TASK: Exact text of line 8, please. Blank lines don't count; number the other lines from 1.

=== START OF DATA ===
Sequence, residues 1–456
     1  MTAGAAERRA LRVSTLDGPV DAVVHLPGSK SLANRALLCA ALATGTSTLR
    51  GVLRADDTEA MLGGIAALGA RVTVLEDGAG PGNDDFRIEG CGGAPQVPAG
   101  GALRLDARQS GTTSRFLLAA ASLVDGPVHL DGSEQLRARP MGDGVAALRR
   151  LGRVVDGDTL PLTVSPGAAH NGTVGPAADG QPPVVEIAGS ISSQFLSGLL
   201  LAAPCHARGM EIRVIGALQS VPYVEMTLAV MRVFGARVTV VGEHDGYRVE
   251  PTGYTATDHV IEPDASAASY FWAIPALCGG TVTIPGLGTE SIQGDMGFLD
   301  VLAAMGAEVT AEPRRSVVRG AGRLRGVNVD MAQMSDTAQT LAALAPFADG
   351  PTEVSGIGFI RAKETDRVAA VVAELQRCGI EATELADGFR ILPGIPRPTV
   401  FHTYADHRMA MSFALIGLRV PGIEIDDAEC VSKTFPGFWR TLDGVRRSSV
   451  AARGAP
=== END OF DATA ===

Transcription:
   301  VLAAMGAEVT AEPRRSVVRG AGRLRGVNVD MAQMSDTAQT LAALAPFADG